The Nuremberg Charter established the International Military Tribunal, made up of representatives from all four of the signing nations, and listed three types of crimes with which the defendants would be charged: crimes against peace, war crimes, and crimes against humanity. Crimes against peace and crimes against humanity were new categories of war crimes designed specifically to deal with the actions of the Nazi leaders, especially regarding the Holocaust. Once the charter was agreed upon, Jackson moved to convince the American people that such trials were the appropriate actions for a civilized nation to take at the conclusion of such a war.

Author Biography

Robert H. Jackson, associate justice of the United States, was a well-respected American jurist. Jackson was a lifelong Democrat, and though Truman appointed him America's chief counsel for the war crimes trials that would follow the war, he had been groomed for the role in part by his friendship with Truman's predecessor, Franklin D. Roosevelt. Jackson had served as a US attorney, as solicitor general of the United States, and as attorney general of the United States before being appointed by Roosevelt to the Supreme Court in 1941. By the time he arrived in London in June 1945, Jackson's views—favoring war crimes trials that would set an international precedent for trying war criminals—were well known, and Truman had no hesitation about appointing him to represent the interest of the United States.

Historical Document

There are some things I would like to say, particularly to the American people, about the agreement we have just signed.

For the first time, four of the most powerful nations have agreed not only upon the principles of liability for war crimes of persecution, but also upon the principle of individual responsibility for the crime of attacking the international peace.

Repeatedly, nations have united in abstract declarations that the launching of aggressive war is illegal. They have condemned it by treaty. But now we have the concrete application of these abstractions in a way which ought to make clear to the world that those who lead their nations into aggressive war face individual accountability for such acts.

The definitions under which we will try the Germans are general definitions. They impose liability upon war-making statesmen of all countries alike. If we can cultivate in the world the idea that aggressive war-making is the way to the prisoner's dock rather than the way to honors, we will have accomplished something toward making the peace more secure.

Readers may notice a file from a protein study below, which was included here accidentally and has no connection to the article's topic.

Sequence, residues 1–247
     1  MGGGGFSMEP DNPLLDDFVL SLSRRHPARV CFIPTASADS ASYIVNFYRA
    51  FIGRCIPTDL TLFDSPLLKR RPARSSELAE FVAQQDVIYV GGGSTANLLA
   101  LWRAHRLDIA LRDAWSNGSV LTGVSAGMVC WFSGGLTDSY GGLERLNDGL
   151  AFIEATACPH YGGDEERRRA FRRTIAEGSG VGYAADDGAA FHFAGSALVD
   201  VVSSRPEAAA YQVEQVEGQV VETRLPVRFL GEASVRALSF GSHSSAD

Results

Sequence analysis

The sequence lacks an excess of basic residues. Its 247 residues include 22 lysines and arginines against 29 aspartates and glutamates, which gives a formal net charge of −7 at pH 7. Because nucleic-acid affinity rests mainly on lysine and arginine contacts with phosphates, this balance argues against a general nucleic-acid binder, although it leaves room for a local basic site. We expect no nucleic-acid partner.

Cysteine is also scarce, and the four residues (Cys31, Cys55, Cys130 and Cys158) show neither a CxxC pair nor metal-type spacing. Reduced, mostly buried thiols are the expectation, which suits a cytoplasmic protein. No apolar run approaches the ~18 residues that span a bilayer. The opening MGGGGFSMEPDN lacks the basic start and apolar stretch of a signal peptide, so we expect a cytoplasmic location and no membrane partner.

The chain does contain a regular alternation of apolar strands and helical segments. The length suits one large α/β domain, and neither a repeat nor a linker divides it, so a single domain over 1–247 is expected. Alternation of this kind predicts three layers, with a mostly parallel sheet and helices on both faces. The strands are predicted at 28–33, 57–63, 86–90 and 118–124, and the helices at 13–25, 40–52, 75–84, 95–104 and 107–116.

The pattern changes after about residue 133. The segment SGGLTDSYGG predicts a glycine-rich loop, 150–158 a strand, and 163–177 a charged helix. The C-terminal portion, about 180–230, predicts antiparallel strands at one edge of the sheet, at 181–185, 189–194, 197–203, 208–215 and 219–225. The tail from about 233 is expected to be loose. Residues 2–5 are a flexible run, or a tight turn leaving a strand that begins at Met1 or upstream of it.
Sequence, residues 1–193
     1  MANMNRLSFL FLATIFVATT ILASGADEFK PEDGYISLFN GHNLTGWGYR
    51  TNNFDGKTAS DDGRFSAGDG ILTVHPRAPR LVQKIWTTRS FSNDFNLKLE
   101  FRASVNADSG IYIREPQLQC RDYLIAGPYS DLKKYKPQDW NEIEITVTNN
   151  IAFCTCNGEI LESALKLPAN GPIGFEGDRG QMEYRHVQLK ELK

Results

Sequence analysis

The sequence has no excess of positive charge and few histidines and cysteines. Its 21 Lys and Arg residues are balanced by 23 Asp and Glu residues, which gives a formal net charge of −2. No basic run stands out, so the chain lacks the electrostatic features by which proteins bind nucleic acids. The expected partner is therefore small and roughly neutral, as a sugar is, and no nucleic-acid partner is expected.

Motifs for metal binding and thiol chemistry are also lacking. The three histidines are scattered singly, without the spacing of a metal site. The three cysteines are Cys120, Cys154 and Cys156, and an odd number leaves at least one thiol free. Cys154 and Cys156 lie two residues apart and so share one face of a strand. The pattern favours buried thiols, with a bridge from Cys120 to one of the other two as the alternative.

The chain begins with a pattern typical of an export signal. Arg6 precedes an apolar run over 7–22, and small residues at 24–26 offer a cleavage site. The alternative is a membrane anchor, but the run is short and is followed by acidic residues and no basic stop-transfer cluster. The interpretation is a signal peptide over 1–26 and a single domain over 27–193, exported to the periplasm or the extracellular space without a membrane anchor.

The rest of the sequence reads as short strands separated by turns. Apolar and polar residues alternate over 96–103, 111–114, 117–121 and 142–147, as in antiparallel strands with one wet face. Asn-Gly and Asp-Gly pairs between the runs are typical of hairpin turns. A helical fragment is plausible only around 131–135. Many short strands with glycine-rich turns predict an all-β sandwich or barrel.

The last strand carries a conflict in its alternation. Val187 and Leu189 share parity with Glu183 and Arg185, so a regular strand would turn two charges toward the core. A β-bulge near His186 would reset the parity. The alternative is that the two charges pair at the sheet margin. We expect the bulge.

This, too, is the first time that four nations with such different legal systems have tried to knit their ideas of just criminal procedure into a cooperative trial. That task is far more difficult than those unfamiliar with the differences between continental and Anglo-American methods would expect. It has involved frank and critical examination by the representatives of each country of the other's methods of administering justice. Our discussions have been candid and open-minded.

The representatives of the United Kingdom have been headed by the Lord Chancellor and the Attorney General. The Soviet Republic has been represented by the Vice President of its Supreme Court and by one of the leading scholars of Soviet jurisprudence. The Provisional Government of France has sent a judge of its highest court and a professor most competent in its jurisprudence.

It would not be a happy forecast for the future harmony of the world if I could not agree with such representatives of the world's leading systems of administering justice on a common procedure for trial of war criminals.

Of course, one price of such international cooperation is mutual concession. Much to which American lawyers would be accustomed is missing in this instrument. I have not seen fit to insist that these prisoners have the benefit of all of the protections which our legal and constitutional system throws around defendants.

To the Russian and French jurist, our system seems unduly tender of defendants and to be loaded in favor of delay and in favor of the individual against the state. To us, their system seems summary and to load the procedure in favor of the state against the individual.